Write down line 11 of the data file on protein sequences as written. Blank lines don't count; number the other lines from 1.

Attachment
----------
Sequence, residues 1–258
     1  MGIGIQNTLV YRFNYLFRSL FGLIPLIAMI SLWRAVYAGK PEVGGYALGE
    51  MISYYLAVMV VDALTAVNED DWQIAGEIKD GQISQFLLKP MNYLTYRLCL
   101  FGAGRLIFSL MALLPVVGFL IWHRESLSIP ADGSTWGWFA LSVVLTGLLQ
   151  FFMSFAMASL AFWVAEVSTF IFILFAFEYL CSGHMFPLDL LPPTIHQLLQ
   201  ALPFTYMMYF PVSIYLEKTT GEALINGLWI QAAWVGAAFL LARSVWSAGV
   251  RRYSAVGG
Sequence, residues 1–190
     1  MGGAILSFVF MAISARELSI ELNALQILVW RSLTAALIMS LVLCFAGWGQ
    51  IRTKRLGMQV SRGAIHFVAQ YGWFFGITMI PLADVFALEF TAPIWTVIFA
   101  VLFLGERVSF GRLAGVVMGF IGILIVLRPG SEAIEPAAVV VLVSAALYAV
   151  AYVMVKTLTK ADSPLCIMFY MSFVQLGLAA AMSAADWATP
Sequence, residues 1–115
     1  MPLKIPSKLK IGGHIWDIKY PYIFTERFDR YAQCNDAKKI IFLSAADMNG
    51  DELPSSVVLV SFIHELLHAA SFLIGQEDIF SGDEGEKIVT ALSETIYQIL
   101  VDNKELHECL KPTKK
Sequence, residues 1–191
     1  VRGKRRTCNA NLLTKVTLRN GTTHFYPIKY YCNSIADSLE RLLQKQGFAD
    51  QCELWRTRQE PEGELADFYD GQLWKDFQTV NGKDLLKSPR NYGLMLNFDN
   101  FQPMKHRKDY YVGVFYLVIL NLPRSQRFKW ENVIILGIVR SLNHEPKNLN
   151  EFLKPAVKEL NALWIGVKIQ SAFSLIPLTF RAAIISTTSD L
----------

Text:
   101  VLFLGERVSF GRLAGVVMGF IGILIVLRPG SEAIEPAAVV VLVSAALYAV